Corleone clause offers a deal we should refuse

The latest MUA deal sounds like something from the mafia playbook, inviting only family and friends to enjoy the riches that seem to flow from intimida­tion. Marlon Brando in The Godfather.

The latest MUA deal sounds like something from the mafia playbook, inviting only family and friends to enjoy the riches that seem to flow from intimida­tion. Marlon Brando in The Godfather.

It’s passing strange that a silly little story about an invitation-only men’s club makes front-page news yet a bad deal stitched up by the country’s biggest maritime union to invite its patsies, friends and families to fill 70 per cent of new jobs at Hutchison Ports barely rates a mention.

This invitation-only deal perverts a free job market and will cost Australians every time we buy a good that passes through one of these ports. We should be demanding this get fixed, and fast.

It’s wrong on so many levels. Let’s start with the blatant injustice agreed between the Maritime Union of Australia and Hutchison Ports. Consider this scenario: John Smith, a highly skilled worker, applies for a job advertised at Hutchison at Port Botany or in Brisbane. Hutchison’s response: “Sorry pal, we’ve already filled the 30 per cent of employees we get to choose under the new enterprise bargaining agreement. As the union gets to fill the other 70 per cent of new jobs with MUA mates and family, you don’t get a look-in. Tough luck.”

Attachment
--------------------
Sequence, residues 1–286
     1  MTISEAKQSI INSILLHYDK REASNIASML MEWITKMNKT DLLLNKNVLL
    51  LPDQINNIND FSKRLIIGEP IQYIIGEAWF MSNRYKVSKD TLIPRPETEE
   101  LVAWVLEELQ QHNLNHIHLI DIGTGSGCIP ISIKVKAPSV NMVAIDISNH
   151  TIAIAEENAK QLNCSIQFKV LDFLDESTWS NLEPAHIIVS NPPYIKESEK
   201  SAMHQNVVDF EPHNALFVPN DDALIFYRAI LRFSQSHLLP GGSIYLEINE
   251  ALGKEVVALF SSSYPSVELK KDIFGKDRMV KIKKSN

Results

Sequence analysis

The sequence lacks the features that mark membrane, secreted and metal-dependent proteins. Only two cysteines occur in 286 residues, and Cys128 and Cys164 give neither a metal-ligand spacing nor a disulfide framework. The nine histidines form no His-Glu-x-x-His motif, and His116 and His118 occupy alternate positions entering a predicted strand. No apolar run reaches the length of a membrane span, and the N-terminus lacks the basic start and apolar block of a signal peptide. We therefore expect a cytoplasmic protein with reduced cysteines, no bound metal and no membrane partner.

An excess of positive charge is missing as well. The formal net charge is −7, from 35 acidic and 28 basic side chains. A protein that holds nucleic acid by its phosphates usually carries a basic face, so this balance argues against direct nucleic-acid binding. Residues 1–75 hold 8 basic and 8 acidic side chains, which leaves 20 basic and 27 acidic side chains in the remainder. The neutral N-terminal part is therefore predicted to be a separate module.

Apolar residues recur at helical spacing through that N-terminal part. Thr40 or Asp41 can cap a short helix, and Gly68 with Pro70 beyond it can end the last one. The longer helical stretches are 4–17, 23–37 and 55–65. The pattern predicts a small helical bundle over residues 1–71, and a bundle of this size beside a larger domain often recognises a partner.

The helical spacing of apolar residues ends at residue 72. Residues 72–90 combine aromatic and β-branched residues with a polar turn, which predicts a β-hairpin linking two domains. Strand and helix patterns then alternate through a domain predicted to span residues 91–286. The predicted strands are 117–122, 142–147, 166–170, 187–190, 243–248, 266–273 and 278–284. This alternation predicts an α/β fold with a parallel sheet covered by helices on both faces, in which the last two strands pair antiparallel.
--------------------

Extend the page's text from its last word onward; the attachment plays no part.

This latest MUA deal sounds like something from the mafia playbook, inviting only family and friends to enjoy the riches that seem to flow from intimida­tion. So let’s apply some honest labelling and call it the Corleone clause. The MUA is bragging about this as trailblazing, and it is in its level of shamelessness.

Normally this bad stuff happens behind closed doors. Now it’s set to be formalised in an EBA that, after a successful vote, will go to the Fair Work Commission for the tick of approval. The Morrison government should intervene when the agreement comes before the FWC to prevent this deal becoming institutionalised despite the raft of competition laws to prevent restraint of trade and employment laws to prevent discriminatory work practices.

Though the exact terms are not yet public, there may be a strong case to argue this EBA includes discriminatory and/or objectionable terms that are prohib­ited by section 194 of the Fair Work Act. If this section doesn’t prohibit this sort of Corleone clause, then the section and definitions need to be reformed.

This latest MUA deal sounds like something from the mafia playbook. Picture: NCA NewsWire/ David Crosling
This latest MUA deal sounds like something from the mafia playbook. Picture: NCA NewsWire/ David Crosling
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A gap in section 351 of the FWA needs plugging, too, to ensure the discrimination man­dated in Corleone clauses will not be tolerated. Section 351 says an employer cannot discriminate against an employee or a prospective employee on the basis of a range of matters including race, colour, sex, sexual preference, age, religion, political opinion, national extraction or social origin.